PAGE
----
NAMA pro joins Longbow

Graham Emmett, former head of lending and corporate finance at Ireland’s National Asset Management Agency, has become a partner at debt specialist, ICG-Longbow Real Estate Capital.

London-based ICG-Longbow Real Estate Capital, which last year raised £242 million (€276 million; $377 million) for a UK real estate debt fund, has hired a senior professional from Ireland’s National Asset Management Agency (NAMA).

Graham Emmett, former head of lending and corporate finance at NAMA, started at Longbow just days ago having left the Irish national organisation in January this year.

He has become a partner at Longbow, which has so far not issued a statement on the appointment.

Emmett is well-known in European property circles having not only joined NAMA in April 2010 in order to help oversee the financial and restructuring of €60 billion of loans under direct NAMA control, but also for having served as finance director at UK private equity real estate firm Delancey from 1999 to 2003. After leaving the London-based firm, he joined Goldman Sachs as head of its UK commercial mortgage-backed securities (CMBS) team, as well as Goldman Sachs’ financing group and European special situations group (ESSG).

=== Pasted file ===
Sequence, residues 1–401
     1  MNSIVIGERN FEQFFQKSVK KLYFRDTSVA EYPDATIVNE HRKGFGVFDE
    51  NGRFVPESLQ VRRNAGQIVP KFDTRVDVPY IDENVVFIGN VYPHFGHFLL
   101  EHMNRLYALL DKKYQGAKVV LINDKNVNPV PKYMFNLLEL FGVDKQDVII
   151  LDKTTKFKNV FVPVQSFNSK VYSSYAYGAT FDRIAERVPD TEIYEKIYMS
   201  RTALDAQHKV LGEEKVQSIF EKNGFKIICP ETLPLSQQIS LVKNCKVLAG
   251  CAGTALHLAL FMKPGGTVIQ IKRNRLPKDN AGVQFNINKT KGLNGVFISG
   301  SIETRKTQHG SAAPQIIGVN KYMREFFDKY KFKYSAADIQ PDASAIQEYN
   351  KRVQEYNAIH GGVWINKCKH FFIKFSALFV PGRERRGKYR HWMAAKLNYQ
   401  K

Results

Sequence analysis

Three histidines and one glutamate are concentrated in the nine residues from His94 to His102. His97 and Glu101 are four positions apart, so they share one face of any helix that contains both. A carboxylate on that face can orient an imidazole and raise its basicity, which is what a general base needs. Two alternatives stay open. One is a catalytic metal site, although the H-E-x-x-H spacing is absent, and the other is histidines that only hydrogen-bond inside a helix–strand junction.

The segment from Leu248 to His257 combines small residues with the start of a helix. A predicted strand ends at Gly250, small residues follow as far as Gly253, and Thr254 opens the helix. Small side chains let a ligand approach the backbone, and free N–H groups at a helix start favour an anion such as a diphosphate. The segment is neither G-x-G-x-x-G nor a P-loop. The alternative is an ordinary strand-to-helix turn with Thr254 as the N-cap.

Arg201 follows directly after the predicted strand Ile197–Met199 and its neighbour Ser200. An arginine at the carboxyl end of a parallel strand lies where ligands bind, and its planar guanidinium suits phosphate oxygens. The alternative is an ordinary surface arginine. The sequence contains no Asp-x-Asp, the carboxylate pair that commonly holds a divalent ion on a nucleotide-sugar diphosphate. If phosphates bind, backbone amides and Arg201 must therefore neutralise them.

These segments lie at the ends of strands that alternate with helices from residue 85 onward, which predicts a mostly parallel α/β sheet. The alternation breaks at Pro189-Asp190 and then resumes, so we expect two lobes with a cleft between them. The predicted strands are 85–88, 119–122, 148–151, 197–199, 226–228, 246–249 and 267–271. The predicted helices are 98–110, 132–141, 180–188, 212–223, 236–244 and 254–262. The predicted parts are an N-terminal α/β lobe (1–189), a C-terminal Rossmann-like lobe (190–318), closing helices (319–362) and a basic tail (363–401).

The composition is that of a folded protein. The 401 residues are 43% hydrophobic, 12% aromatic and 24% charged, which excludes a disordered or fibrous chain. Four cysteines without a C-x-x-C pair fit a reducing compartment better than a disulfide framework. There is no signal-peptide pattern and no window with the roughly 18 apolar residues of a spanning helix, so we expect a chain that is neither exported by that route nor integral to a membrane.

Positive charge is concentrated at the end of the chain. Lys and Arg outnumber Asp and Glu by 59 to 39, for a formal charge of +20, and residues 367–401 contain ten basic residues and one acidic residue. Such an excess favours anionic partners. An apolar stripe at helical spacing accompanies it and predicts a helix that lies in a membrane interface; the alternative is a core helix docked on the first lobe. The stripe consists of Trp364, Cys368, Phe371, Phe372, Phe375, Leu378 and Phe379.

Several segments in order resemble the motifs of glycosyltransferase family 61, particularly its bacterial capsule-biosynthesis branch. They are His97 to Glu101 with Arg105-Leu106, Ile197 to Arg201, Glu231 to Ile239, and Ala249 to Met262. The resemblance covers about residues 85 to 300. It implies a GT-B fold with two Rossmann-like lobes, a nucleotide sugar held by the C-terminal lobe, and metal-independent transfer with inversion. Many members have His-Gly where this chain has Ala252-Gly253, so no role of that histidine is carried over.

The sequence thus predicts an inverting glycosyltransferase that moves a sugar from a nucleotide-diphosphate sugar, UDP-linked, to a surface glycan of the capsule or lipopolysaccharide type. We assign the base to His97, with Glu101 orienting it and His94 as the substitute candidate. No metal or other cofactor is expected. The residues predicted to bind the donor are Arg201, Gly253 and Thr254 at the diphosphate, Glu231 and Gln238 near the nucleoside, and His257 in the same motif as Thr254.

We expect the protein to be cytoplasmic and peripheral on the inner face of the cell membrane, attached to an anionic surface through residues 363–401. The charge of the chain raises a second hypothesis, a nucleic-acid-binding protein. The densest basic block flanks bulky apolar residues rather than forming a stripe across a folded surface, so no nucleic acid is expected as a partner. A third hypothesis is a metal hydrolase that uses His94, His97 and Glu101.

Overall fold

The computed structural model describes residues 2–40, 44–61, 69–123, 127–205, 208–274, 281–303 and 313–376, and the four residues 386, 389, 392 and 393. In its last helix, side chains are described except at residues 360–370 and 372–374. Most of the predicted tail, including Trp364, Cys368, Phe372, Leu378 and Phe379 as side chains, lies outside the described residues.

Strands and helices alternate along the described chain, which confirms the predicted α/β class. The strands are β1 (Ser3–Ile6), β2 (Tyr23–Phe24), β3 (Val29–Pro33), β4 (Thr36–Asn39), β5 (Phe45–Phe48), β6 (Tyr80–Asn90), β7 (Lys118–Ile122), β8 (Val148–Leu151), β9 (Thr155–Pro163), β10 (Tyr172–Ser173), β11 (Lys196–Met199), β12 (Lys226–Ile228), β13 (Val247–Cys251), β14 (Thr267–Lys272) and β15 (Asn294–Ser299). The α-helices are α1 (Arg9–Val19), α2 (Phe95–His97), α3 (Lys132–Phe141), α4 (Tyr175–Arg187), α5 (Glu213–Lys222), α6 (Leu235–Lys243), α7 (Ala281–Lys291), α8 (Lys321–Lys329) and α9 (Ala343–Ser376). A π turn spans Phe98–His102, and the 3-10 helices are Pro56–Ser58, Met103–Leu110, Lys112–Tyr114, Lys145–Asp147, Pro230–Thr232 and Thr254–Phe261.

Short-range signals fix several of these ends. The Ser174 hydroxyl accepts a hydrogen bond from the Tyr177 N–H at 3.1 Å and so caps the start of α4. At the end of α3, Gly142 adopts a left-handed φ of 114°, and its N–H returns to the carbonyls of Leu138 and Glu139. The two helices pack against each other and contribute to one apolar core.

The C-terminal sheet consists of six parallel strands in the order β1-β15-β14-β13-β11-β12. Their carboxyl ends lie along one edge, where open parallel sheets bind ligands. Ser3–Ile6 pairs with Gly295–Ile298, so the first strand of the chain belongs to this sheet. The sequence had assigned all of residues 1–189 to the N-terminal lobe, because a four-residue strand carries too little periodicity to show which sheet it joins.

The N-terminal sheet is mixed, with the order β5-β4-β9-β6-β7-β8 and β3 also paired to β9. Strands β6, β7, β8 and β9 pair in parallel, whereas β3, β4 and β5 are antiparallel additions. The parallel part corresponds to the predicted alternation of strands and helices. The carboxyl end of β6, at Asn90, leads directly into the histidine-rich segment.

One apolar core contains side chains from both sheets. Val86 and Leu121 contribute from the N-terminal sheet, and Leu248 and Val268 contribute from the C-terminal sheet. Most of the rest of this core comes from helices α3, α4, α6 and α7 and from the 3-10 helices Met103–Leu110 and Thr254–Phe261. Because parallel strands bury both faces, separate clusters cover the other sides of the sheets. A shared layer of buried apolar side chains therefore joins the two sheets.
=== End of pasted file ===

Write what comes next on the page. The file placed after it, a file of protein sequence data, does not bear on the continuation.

When he transferred to ESSG in 2004 he headed a new joint venture real estate mezzanine fund with Goldman Sachs’ Whitehall funds. He also worked on the 2004 take-private of UK property company, Canary Wharf Group, which at the time was the largest transaction in British real estate. With ESSG he also completed a €250 million whole loan to help Colony Capital buy four Aga Khan Starwood hotels and he underwrote a $1 billion of financing to help Tom Barrack’s company take over Raffles Hotel and Resorts Group.

Longbow, the company he has joined, closed its last fund, Longbow UK Real Estate Debt Investments II, in September 2011 when it also appointed ex-Aberdeen Asset Management managing director David Hunter as chairman.

The company was formed in 2006 by a group of UK real estate finance professionals.

It was 51 percent acquired in December 2010 by Intermediate Capital Group, the London-listed investment and asset management firm specialising in debt investments across other asset classes.